By Brad Reynolds
The Korean War was not only a landmark conflict under the guidance of the United Nations, but it was also the first serious testing ground for jet-to-jet combat. The North Korean military capacity had barely progressed past ox carts and prop planes, forcing the Communist Chinese Air Force (CCAF) to augment much of their air defense. This led to Soviet equipment, training, and personal participating in the air war, and fast-evolving jet fighters quickly complicated air combat tactics.
American-lead UN air power was largely unrivaled in the early stages of the war. North Korean air presence mainly consisted of Soviet built PO-2s, which were prop plain relics from the 1930s. North Korean pilots were largely inexperienced, often “flying by the seat of their pants” and using their limited expertise to harass UN forces under cover of darkness. Due to its inability to field tactically competent pilots and its lack of advanced fighter jets, the Communist Chinese Air Force was a prime candidate to fight a proxy air war.
The Proxy Air War in MiG Alley
The close alliance between China, the USSR and North Korea led to the Soviets implementing their newly developed Mikoyan-Gurevich 15 (MiG-15) to counter the uncontested American F-86 Sabre jet fighter. The CCAF waited to engage American air power until they entered the northwest region of North Korea, where the Yula and the Yellow seas meet, which came to be known as MiG Alley. This was an amicable area of engagement for Chinese pilots to test Soviet jets and develop tactics, as the UN pilots couldn’t engage past the Yula River. The air confrontations that followed created a foundation for the future development of air-to-air combat tactics.
As of 1953, the CCAF was one of the largest jet fighter forces in the world, augmented by Soviet armament and training. The CCAF’s responsibility had been to lead the air defense of Manchuria and Communist North Korea, but as the Korean conflict progressed and UN forces began advancing on the Yalu River, the CCAF began engaging UN air power. Up until this point , the F-86 had been uncontested as UN forces advanced north toward the Chinese border. In fact, American pilots began to consider strafing North Korean ox cart columns a waste of ammunition and money. This would all change once the F-86 met her equivalent in the MiG-15.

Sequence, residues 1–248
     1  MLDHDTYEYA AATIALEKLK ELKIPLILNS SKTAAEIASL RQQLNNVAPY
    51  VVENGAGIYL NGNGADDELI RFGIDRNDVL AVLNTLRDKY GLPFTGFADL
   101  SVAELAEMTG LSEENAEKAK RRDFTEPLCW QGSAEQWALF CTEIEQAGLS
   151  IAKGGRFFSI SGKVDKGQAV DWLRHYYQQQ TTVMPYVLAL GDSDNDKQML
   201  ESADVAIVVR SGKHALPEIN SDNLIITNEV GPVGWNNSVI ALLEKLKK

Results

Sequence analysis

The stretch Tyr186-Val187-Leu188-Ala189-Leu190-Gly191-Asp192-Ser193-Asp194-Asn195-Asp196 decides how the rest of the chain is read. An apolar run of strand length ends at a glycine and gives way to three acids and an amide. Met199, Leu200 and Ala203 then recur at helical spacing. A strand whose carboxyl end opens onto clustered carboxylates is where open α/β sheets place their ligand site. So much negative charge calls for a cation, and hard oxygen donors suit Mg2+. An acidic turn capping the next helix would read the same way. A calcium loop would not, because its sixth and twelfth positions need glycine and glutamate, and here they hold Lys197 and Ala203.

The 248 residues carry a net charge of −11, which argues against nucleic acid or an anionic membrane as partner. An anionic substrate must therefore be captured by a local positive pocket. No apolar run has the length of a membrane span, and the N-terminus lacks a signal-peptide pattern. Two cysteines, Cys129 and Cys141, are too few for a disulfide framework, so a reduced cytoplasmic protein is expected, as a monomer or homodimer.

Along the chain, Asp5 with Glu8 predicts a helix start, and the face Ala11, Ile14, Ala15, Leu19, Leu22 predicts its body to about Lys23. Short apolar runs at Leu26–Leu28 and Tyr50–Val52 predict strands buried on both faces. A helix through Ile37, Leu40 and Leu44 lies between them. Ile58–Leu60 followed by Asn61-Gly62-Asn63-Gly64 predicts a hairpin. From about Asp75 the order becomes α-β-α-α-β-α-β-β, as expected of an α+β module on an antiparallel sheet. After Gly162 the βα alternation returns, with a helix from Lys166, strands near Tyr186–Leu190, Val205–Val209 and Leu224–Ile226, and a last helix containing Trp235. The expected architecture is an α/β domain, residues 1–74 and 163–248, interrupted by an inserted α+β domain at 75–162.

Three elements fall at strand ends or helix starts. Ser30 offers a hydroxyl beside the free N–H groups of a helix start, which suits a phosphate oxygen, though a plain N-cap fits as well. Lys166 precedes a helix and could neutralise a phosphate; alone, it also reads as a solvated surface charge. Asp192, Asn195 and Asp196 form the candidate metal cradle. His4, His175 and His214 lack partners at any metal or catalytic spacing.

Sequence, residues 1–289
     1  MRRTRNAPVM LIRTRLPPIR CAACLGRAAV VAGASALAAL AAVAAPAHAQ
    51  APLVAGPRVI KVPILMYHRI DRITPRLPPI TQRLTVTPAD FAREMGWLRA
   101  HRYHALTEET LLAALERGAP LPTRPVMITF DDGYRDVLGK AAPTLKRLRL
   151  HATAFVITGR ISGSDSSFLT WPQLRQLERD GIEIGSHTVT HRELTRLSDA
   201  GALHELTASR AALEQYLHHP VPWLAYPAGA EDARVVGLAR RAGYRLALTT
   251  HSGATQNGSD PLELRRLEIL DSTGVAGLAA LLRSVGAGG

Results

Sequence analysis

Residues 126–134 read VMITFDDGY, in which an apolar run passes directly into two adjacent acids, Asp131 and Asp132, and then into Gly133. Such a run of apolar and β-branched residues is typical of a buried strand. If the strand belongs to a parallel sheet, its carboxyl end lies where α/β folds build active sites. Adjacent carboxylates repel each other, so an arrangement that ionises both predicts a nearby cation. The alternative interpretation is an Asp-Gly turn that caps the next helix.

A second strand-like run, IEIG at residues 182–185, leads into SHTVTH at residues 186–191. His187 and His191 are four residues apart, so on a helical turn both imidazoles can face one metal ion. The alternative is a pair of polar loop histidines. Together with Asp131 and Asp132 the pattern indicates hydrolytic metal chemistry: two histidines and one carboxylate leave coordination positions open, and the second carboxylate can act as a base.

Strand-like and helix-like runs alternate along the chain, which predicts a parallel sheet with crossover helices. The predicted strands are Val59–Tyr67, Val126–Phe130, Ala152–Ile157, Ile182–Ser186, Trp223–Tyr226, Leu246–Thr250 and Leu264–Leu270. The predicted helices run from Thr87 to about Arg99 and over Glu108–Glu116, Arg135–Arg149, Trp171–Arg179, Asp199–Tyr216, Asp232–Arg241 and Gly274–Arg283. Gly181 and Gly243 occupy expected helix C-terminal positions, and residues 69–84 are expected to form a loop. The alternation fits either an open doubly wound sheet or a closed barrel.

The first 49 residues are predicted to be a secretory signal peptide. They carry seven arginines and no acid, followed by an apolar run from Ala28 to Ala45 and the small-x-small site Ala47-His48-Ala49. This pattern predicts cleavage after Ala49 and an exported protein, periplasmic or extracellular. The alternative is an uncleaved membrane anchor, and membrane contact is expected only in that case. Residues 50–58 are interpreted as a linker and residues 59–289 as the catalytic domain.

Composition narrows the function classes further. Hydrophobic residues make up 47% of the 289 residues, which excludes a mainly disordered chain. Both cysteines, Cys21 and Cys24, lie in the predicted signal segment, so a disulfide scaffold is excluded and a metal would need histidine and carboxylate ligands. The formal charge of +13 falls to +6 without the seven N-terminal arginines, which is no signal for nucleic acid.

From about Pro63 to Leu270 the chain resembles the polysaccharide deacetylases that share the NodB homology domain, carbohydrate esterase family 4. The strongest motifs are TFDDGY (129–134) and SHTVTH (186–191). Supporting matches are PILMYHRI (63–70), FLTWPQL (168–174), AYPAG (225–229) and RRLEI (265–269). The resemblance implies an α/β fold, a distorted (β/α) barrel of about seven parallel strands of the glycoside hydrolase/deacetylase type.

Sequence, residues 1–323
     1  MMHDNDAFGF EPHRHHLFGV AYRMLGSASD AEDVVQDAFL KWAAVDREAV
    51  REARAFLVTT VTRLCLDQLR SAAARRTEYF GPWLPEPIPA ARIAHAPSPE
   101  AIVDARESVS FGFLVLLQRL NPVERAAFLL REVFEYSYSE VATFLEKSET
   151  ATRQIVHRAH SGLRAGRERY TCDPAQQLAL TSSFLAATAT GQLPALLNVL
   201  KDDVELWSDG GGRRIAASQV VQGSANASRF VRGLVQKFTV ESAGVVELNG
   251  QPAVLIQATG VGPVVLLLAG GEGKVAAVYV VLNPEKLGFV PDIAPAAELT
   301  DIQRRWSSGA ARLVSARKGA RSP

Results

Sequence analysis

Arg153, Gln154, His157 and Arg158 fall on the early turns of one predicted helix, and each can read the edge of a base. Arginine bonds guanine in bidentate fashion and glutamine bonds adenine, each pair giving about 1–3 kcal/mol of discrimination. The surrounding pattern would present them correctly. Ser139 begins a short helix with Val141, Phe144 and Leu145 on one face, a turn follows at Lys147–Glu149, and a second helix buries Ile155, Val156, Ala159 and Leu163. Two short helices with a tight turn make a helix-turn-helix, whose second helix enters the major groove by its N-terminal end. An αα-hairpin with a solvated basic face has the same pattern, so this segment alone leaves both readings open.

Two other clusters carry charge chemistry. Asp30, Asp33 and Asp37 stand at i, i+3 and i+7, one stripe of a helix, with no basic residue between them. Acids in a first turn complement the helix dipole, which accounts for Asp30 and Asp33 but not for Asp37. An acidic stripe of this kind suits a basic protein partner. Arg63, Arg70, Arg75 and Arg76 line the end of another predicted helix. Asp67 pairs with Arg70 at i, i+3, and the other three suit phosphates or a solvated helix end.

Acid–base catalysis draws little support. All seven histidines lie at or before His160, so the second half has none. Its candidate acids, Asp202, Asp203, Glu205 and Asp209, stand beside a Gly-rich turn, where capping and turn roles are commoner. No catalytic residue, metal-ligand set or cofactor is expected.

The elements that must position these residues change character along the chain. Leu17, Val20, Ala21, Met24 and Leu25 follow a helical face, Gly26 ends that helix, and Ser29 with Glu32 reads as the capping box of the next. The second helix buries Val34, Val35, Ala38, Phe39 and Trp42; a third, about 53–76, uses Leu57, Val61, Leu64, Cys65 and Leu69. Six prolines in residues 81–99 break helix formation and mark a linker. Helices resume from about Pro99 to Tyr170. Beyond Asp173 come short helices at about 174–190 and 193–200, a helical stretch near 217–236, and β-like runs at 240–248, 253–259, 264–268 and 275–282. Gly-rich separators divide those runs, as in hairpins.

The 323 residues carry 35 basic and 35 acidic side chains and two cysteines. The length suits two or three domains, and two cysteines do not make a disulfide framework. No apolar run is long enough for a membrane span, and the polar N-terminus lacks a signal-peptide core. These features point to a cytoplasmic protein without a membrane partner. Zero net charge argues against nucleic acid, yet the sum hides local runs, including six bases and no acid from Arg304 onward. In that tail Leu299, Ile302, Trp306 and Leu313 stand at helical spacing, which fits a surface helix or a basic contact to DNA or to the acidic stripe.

The F-86 Meets the MiG-15
When F-86 Sabres and UN fighter bombers entered MiG Alley, both the CCAF and UN pilots were forced to change their tactics and hone their air-to-air combat ability. CCAF pilots showed inexperience with group fighter tactics in their early engagements. Fighters would often enter the combat area over the Yalu in loose formations, allowing UN fighters to easily tail the Chinese and inflict damage. But Chinese pilots quickly learned from their mistakes, as well as from their Soviet counterparts participating under the guise of the CCAF. MiG Alley was the first testing ground for air-to-air jet fighter combat tactics as well as a wake-up call for American air forces. The opposition of American-led UN air superiority in the Korean conflict would complicate UN battle plans, eventually allowing for a strong push by the Peoples Liberation Army and a stalemate at the 38th parallel that remains unresolved to this day.
The confrontation of the MiG-15 and the F-86 Sabre was a historic meeting and a stepping-stone in the evolution of air-to-air combat. Though the F-86 was quickly surpassed after the Korean conflict for more apt models, the MiG-15 remained an effective jet fighter through the 1990s in many African and Southeast Asian air forces. The Korean conflict showcased the Soviets’ ability to fight proxy wars and experiment with new technology, setting the stage for ongoing confrontations throughout the Cold War.